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Shifted Compression Framework: Generalizations and Improvements
Egor Shulgin · Peter Richtarik

Communication is one of the key bottlenecks in the distributed training of large-scale machine learning models, and lossy compression of exchanged information, such as stochastic gradients or models, is one of the most effective instruments to alleviate this issue. Among the most studied compression techniques is the class of unbiased compression operators with variance bounded by a multiple of the square norm of the vector we wish to compress. By design, this variance may remain high, and only diminishes if the input vector approaches zero. However, unless the model being trained is overparameterized, there is no a-priori reason for the vectors we wish to compress to approach zero during the iterations of classical methods such as distributed compressed SGD, which has adverse effects on the convergence speed. Due to this issue, several more elaborate and seemingly very different algorithms have been proposed recently, with the goal of circumventing this issue. These methods are based on the idea of compressing the difference between the vector we would normally wish to compress and some auxiliary vector which changes throughout the iterative process. In this work we take a step back, and develop a unified framework for studying such methods, conceptually, and theoretically. Our framework incorporates methods compressing both gradients and models, using unbiased and biased compressors, and sheds light on the construction of the auxiliary vectors. Furthermore, our general framework can lead to the improvement of several existing algorithms, and can produce new algorithms. Finally, we performed several numerical experiments which illustrate and support our theoretical findings.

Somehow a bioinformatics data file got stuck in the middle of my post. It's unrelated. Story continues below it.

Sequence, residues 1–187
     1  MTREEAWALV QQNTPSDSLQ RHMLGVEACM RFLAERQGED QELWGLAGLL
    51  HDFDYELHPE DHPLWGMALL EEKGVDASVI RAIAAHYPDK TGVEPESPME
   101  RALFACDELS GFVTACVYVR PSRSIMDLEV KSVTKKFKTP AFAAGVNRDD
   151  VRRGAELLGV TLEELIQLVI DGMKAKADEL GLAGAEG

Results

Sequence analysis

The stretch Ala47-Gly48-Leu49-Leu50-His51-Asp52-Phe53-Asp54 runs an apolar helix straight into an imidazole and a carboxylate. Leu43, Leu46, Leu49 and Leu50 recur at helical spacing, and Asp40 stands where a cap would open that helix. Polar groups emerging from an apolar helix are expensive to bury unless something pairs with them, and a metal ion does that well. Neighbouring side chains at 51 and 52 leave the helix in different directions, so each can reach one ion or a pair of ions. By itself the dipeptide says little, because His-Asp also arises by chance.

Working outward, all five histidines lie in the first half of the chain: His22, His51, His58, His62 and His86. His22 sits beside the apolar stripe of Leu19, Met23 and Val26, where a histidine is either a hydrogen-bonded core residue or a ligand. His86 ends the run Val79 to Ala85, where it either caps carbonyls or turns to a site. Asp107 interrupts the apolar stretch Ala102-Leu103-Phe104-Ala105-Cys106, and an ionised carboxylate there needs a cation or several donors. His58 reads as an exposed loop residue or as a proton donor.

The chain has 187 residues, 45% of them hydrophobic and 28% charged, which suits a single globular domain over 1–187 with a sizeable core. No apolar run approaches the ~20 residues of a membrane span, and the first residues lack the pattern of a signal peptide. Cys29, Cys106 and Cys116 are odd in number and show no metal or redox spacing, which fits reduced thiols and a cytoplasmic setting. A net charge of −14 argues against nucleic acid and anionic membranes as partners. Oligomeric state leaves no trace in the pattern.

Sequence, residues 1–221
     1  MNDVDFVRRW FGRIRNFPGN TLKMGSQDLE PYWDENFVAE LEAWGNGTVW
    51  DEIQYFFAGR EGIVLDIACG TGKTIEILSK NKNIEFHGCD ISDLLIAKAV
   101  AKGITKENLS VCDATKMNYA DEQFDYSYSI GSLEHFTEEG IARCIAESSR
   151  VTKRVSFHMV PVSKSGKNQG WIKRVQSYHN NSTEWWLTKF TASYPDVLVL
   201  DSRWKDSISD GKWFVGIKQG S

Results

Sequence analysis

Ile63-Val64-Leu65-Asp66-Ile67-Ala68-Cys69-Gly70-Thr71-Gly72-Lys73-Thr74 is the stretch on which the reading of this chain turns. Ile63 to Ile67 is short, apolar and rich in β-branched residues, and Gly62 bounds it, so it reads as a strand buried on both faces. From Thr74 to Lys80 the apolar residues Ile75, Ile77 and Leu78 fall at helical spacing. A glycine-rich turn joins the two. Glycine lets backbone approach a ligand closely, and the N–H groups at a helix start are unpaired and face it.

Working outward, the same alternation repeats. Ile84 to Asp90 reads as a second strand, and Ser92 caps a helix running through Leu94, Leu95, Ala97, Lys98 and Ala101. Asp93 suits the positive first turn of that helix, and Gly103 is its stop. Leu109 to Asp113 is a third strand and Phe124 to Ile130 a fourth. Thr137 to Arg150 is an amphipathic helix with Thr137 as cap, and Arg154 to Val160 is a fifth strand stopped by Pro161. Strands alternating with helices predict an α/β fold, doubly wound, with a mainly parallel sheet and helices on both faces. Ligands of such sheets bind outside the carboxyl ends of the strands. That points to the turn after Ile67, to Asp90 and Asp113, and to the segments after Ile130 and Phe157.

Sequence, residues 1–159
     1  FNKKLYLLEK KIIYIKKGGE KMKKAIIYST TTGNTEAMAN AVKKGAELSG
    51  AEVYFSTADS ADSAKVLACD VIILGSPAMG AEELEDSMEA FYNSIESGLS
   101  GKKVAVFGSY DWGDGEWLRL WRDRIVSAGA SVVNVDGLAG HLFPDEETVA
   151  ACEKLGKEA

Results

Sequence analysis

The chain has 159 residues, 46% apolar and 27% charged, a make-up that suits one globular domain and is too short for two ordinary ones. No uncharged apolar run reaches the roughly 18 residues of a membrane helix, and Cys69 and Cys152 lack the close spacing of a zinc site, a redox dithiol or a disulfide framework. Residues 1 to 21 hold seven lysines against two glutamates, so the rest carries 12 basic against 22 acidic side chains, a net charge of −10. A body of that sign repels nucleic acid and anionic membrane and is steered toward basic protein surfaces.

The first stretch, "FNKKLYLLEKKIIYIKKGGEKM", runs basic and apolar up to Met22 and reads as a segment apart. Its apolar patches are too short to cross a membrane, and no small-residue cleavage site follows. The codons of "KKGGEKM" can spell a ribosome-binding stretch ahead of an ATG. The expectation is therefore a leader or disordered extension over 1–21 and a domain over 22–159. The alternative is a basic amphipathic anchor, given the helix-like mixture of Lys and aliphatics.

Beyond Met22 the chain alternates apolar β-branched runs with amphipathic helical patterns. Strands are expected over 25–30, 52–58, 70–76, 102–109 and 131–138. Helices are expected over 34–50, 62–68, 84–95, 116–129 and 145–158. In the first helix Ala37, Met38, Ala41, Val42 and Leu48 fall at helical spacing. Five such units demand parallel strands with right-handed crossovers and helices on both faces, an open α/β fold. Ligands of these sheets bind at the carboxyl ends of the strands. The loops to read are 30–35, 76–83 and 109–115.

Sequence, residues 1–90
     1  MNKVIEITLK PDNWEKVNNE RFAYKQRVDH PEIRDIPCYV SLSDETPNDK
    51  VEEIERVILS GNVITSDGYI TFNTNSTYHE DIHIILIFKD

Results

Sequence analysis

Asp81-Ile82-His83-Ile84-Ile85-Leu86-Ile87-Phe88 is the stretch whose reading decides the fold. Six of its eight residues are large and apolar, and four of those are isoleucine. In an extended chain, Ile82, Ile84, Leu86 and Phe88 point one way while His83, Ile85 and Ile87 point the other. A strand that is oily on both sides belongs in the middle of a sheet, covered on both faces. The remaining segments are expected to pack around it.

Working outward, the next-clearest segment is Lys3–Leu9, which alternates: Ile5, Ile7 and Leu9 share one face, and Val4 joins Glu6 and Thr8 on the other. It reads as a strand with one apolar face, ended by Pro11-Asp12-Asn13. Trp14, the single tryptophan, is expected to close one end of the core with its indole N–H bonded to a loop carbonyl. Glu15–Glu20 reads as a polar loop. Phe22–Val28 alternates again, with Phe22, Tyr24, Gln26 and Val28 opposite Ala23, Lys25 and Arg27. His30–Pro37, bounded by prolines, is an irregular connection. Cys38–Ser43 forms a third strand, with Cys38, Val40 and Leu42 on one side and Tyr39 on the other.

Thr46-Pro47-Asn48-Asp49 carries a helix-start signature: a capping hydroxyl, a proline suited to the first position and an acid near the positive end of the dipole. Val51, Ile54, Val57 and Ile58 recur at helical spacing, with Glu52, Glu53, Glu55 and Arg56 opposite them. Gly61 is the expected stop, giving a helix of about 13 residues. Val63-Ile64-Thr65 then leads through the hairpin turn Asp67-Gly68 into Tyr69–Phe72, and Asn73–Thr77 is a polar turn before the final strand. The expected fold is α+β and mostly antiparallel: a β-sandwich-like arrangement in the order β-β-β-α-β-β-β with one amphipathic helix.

Author Information

Egor Shulgin (Samsung AI Cambridge, King Abdullah University of Science and Technology)

I am a PhD student in Computer Science at King Abdullah University of Science and Technology (KAUST) advised by [Peter Richtárik](https://richtarik.org/). Prior to that, I obtained BSc in Applied Mathematics, Computer Science, and Physics from Moscow Institute of Physics and Technology in 2019.

Peter Richtarik (KAUST)

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